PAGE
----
Tooth decay is a gradual dissolving of the tooth’s surface, aka the enamel, and then the degradation of the tooth itself. This occurs from plaque buildup and sugars that cause the bacteria in the mouth to release acids that eat into the tooth.

You can have pain, chewing problems, gum disease, and other issues. Although many factors can lead to tooth decay, what you eat plays a key role.

Here are the eleven most common foods that cause tooth decay.

1. Alcohol

Alcohol consumption isn’t generally healthy by any stretch. About tooth decay, alcohol dries out the mouth. A dry mouth does not have saliva, and saliva’s wetness protects our teeth. As you drink alcohol, the dryness means food is more likely to stick to your teeth, and tooth decay is more likely.

2. Soda

Soda is another beverage that can cause problems with the teeth. Any carbonated drinks are shown to damage teeth in some people as much as hard drugs.

They foster the perfect environment in which plaque can produce more acid. With every sip, you’re distributing acid directly onto your teeth. On top of that, sodas have a drying effect similar to alcohol.

Although you can enjoy your soda drinks, ensure you keep up with your dental hygiene routine. Visit a family dentist Mississauga for regular appointments. Also, brush your teeth after meals and drinking sodas, ensuring you minimize the chances of tooth decay.

3. Diet & Energy Drinks

Diet soda and drinks can be worse for tooth decay than their regular counterparts. Energy drinks also often behave similarly to soda. Anything carbonated or overly acidic is bad, especially when it’s a beverage. A liquid will cover the inside of the mouth easily and quickly. Energy drinks and diet sodas can do irreversible damage.

4. Sugary Cereal

Some people start their day with a bowl of sugary cereal. Numerous studies show how bad these cereals are for one’s health, and that’s true for one’s teeth.

The multiple teaspoons of added sugar may taste good, but the sugar will slowly erode the surface enamel. As the first meal of the day and the mouth adjusts to the body being awake, it’s advisable to start with something less acidic.

5. Citrus

Anything citrus is another source of acid. Oranges, grapefruits, lemons, and limes all count. The acid can be bothersome in several ways to the teeth, despite their high antioxidants and vitamin count.

If you enjoy citrus, you may still be able to partake in citrus drinks and whole fruits in moderation as long as you rinse with a glass of water afterward.

6. Sour Candies

Sour-covered candies contain high amounts of acid that are tough on the teeth. As you chew sour candies, you get these sugars and acids stuck and covered all over your teeth. The ingredients from sour candies are difficult to wash away and can be there for hours, gradually eating away at the enamel.

7. Dried Fruits

Although dried fruits are healthy to snack on, their chewiness means dried fruit is likely to get crammed into crevices in our teeth, leaving behind sugar to do what it does over our enamel.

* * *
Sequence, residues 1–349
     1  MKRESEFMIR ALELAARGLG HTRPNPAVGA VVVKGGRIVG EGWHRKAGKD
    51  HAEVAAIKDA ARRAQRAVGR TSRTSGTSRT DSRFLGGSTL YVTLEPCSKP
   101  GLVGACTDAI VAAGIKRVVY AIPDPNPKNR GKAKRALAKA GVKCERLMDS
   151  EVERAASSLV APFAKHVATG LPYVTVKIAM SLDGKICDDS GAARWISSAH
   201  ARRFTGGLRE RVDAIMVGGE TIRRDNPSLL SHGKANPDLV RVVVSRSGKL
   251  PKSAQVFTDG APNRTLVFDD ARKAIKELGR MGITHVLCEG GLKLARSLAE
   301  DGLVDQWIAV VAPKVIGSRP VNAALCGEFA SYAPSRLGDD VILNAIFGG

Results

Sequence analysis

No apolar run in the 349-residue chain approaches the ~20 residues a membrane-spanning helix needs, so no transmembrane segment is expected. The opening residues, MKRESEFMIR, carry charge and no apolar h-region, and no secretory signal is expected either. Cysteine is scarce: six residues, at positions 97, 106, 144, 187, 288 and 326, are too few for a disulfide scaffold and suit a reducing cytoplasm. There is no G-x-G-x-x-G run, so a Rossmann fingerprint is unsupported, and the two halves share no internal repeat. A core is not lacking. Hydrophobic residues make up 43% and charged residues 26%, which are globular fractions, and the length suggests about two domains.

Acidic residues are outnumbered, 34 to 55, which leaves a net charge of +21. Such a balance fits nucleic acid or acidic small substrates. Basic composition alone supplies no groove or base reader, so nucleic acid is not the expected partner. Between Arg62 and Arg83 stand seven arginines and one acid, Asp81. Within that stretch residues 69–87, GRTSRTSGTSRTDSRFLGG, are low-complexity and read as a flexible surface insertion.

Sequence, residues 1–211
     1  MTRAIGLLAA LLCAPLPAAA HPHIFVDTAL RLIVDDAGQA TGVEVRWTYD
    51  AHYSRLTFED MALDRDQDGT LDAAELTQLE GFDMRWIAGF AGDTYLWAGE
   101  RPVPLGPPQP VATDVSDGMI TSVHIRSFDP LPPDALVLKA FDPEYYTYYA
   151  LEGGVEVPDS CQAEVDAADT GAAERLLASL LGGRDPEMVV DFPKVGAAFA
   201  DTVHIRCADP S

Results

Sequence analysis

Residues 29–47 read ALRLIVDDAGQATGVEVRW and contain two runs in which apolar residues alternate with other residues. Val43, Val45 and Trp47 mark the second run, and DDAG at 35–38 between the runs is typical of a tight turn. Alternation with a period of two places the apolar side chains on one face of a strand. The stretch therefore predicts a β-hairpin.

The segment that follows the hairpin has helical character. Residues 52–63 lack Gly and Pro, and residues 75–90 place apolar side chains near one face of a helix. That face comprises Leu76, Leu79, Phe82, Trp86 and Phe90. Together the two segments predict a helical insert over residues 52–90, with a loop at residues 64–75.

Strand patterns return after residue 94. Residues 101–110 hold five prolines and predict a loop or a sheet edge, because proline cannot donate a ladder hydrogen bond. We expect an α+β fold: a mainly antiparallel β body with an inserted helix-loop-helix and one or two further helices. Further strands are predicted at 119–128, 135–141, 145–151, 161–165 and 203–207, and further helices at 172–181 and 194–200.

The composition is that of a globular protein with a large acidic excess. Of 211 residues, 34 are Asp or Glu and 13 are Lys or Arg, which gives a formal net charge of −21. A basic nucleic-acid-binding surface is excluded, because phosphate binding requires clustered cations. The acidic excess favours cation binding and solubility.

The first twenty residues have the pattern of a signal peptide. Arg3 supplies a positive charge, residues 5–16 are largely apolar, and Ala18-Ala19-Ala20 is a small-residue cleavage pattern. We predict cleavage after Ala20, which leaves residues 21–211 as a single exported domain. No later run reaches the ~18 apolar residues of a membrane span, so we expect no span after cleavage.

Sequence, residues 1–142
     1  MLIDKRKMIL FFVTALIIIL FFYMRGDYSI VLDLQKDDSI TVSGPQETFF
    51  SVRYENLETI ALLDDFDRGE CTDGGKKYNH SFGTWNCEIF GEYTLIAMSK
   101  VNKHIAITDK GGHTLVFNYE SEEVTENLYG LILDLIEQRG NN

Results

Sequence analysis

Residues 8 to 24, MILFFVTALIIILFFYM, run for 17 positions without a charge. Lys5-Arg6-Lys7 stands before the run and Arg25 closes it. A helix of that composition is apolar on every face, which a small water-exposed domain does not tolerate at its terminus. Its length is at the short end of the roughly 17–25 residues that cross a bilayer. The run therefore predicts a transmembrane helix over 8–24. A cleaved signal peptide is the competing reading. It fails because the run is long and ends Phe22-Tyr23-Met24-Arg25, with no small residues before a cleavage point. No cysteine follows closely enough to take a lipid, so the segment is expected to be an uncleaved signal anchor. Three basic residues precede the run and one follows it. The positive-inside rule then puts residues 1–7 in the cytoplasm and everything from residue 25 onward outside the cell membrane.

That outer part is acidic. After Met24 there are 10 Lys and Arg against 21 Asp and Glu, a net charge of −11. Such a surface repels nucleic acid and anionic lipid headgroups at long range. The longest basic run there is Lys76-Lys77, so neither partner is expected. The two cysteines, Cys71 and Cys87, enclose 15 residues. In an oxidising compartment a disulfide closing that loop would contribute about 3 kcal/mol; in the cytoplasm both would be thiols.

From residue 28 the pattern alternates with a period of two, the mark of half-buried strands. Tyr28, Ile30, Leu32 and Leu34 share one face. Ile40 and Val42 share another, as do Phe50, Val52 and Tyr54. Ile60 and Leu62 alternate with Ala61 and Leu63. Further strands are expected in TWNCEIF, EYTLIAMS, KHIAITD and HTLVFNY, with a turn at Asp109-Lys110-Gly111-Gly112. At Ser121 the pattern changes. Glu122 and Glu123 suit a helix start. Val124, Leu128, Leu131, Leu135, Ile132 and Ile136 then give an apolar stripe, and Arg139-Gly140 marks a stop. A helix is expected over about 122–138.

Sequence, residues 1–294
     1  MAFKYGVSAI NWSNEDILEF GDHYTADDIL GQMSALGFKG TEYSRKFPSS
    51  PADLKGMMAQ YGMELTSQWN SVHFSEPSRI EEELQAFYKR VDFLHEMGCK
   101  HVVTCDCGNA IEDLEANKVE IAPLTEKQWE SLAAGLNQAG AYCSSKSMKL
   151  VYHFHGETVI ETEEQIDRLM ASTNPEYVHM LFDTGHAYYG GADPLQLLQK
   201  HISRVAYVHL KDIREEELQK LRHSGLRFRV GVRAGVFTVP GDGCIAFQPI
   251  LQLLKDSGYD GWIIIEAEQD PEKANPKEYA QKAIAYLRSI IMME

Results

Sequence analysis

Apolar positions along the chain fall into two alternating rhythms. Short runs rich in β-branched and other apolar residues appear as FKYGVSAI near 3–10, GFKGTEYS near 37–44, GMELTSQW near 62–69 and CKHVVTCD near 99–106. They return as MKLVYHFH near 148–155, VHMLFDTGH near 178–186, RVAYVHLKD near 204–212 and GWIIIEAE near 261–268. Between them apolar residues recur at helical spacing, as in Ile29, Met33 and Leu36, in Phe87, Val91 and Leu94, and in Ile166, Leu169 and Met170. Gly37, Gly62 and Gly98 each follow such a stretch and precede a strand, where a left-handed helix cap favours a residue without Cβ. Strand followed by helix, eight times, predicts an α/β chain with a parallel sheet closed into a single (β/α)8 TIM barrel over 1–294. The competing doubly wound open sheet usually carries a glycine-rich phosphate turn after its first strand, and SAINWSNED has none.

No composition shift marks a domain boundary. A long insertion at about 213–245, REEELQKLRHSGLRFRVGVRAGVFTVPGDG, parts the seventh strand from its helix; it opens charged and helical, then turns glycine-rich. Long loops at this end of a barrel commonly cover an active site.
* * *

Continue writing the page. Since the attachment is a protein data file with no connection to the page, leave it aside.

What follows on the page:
While we wouldn’t recommend stopping eating dried fruits as they’re a healthy snack, rinsing the mouth with a glass of water during or after is smart. This will help move some of that sugar and those chewy pieces left behind off the teeth.

8. Ice

Ice gets onto this list because of the impact that chewing ice has. The ice itself is fine. However, chewing on the hardness of ice can damage and break apart enamel. This makes teeth more susceptible to tooth decay.

Chewing ice can sometimes result in chipped, cracked, or broken teeth. This is fairly common in individuals already with teeth issues.

9. Bread & Baked Goods

As we chew bread, the saliva breaks down the starches into sugar. As it gets wet, the bread can stick to the crevices between the teeth, similar to how sour candies can get gummy and be caught covering the ridges of our teeth.

Refined bread and baked goods both have this effect. A better option is less-refined bread or whole wheat bread, known for not having as much added sugar.

10. Potato Chips

Potato chips behave similarly to bread. Chips have a lot of starch. The starch is converted into sugar by saliva, and then the mush in our mouth gets trapped on, between, and sometimes under our teeth.

Most people don’t often consider how messy chips are on the teeth. The most appropriate way to remove what gets caught around our teeth from foods like potato chips is to floss.

11. Sauces & Syrups

Sauces and syrups include pasta, marinades, ketchup, and similar foods. They make this list of foods that cause tooth decay because these sauces and syrups have added sugar and are often above average in their acidity.

Although there’s nothing wrong with a little, a lot can leave behind a coating of acid and sugar on the teeth. Protect your tooth enamel with a glass of water and a meal using these additions.